The Future Food Producers

4/8/2014 2:45:23 PM
Dalene Hodnett

The Future Food Producers

by Dalene Hodnett, Director of Communications and Media Relations

While nation-wide the number of farmers and ranchers is dwindling, in New Mexico two groups that encourage youth to follow an agricultural career path are growing. NMSU Collegiate Farm Bureau and the NMF&LB Young Farmers and Ranchers Committee have seen significant increase in their membership in the last couple of years.  “We are working hard to attract new members and that effort is paying off,” says Danielle Lowry, YF&R Committee Chair.

These two groups have been very active of late and one of their latest endeavors was to make hill visits, connecting with congressional members Ben Ray Lujan, Michelle Lujan-Grisham, and Senator Tom Udall.  “This was an excellent opportunity to give voice to the concerns of New Mexico’s food producers,” said Joseph Ogden, President of NMSU Collegiate Farm Bureau. “We appreciate the time they spent with us.”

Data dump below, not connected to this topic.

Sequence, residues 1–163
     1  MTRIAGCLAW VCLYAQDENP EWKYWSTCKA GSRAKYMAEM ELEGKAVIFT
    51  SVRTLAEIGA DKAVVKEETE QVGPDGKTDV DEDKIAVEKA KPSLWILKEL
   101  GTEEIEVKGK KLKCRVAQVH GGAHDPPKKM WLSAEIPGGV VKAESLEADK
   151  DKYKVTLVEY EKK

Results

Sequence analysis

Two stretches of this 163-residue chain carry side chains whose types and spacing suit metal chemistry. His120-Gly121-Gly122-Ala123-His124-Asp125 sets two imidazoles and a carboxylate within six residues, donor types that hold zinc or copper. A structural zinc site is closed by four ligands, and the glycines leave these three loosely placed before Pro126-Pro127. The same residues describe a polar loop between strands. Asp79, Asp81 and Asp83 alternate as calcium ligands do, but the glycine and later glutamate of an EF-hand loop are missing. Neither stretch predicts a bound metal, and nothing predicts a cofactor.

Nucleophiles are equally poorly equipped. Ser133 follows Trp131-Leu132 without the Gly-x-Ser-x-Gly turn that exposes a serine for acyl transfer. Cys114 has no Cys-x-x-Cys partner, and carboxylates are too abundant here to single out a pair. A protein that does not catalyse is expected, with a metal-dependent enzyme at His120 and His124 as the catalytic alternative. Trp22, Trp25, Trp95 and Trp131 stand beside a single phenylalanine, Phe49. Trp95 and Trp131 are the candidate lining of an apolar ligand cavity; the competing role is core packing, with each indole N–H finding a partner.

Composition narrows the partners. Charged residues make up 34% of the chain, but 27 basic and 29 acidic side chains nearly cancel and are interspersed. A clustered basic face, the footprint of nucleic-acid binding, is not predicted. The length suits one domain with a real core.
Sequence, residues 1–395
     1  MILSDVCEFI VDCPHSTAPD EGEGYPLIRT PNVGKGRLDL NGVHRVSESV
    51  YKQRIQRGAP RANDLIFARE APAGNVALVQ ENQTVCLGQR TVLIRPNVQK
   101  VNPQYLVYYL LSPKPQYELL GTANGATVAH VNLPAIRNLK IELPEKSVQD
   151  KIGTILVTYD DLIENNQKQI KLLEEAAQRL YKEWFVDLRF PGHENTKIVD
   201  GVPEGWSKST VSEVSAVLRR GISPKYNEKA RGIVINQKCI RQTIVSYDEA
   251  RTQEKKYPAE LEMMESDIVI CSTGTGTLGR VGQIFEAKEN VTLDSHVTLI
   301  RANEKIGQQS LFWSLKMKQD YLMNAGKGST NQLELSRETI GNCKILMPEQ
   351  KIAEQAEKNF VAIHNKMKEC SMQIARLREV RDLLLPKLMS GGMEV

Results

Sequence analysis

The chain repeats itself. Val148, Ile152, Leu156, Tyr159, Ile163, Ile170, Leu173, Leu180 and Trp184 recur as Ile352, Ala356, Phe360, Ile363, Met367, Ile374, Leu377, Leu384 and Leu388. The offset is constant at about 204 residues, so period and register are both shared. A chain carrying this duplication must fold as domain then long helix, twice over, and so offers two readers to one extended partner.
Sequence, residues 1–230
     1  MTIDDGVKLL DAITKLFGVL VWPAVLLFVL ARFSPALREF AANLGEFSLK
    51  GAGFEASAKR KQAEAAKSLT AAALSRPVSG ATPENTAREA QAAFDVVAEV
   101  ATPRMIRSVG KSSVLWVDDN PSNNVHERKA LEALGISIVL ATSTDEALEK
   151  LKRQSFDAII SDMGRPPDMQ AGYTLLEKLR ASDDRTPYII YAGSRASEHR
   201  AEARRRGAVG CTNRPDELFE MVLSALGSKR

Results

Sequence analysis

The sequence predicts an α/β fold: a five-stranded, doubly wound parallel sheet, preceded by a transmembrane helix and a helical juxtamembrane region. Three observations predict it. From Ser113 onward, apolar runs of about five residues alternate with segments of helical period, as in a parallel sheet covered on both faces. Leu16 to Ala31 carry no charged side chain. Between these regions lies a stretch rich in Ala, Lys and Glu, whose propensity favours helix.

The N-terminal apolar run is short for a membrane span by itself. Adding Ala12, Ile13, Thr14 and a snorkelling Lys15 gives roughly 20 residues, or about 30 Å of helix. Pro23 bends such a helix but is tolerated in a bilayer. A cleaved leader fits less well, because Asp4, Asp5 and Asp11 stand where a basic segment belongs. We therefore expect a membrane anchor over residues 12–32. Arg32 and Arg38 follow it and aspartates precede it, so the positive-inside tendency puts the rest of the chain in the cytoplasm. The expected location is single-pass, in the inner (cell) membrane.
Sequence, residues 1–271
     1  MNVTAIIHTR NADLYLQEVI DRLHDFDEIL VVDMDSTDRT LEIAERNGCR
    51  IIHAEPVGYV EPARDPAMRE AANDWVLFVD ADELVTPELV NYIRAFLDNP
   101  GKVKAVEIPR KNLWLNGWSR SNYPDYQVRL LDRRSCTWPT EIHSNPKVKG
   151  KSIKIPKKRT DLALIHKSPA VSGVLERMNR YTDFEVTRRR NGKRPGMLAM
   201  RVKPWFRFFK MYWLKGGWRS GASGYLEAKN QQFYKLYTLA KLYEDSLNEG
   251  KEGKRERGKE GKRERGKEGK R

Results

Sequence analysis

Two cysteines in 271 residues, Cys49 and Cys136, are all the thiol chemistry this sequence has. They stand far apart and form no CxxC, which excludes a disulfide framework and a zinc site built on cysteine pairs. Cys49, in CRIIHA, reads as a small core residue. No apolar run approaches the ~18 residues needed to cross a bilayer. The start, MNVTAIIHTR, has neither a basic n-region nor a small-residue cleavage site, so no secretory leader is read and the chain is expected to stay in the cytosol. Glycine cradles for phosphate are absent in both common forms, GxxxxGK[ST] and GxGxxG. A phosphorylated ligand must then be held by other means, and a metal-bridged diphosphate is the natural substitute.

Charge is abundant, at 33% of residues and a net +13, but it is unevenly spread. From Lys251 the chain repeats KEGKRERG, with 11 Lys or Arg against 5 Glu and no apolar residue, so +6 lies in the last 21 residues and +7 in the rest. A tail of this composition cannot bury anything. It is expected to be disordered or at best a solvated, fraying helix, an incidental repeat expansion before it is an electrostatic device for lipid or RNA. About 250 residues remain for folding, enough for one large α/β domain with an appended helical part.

Leaving D.C., the group attended the American Farm Bureau Federation’s National YF&R Conference in Virginia Beach. Joel Alderete, YF&R Coordinator said the conference was a good experience.  “The sessions were timely and informative, and it really motivated our members to become more active.”

In addition to seminars on current issues and the future of agriculture, the conference also hosted a discussion meet where Sam Fisher, winner of the NMF&LB Collegiate Discussion Meet, competed against other state representatives where she made it to the Sweet 16. Also at the national meeting, Dustin Johnson was recognized for his years of service on the National YF&R Committee. Dustin served a two year term, beginning in 2012, on the 16 member board.

The NMF&LB YF&R Committee was also awarded a $500 prize for their innovative program which helped the Roadrunner® Food Bank feed needy families across
the state.  As part of the American Farm Bureau’s “Harvest for All” program, the NMF&LB YF&R Committee collected food and monetary donations throughout the year accumulating over $3,600 and 375 pounds of food. “Working with the Roadrunner Food Bank has allowed farmers and ranchers to give back to their local communities in these economically difficult times,” said Lowry.  “This is an example of neighbors helping neighbors and we are pleased to be able to provide so much assistance.”